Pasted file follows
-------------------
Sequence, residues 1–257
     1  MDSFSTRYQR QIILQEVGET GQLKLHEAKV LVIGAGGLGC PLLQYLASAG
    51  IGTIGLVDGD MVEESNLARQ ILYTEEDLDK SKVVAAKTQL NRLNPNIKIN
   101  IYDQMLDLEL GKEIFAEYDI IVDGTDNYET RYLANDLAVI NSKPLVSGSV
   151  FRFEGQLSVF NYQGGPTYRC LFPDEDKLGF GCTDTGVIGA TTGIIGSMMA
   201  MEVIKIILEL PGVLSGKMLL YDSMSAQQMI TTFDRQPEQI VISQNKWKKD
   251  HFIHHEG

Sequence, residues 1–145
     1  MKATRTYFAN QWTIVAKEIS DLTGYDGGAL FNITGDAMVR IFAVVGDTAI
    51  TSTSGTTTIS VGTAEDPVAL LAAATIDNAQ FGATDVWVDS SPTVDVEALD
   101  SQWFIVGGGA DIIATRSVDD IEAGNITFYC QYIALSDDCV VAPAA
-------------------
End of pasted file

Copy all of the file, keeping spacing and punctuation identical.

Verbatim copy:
Sequence, residues 1–257
     1  MDSFSTRYQR QIILQEVGET GQLKLHEAKV LVIGAGGLGC PLLQYLASAG
    51  IGTIGLVDGD MVEESNLARQ ILYTEEDLDK SKVVAAKTQL NRLNPNIKIN
   101  IYDQMLDLEL GKEIFAEYDI IVDGTDNYET RYLANDLAVI NSKPLVSGSV
   151  FRFEGQLSVF NYQGGPTYRC LFPDEDKLGF GCTDTGVIGA TTGIIGSMMA
   201  MEVIKIILEL PGVLSGKMLL YDSMSAQQMI TTFDRQPEQI VISQNKWKKD
   251  HFIHHEG

Sequence, residues 1–145
     1  MKATRTYFAN QWTIVAKEIS DLTGYDGGAL FNITGDAMVR IFAVVGDTAI
    51  TSTSGTTTIS VGTAEDPVAL LAAATIDNAQ FGATDVWVDS SPTVDVEALD
   101  SQWFIVGGGA DIIATRSVDD IEAGNITFYC QYIALSDDCV VAPAA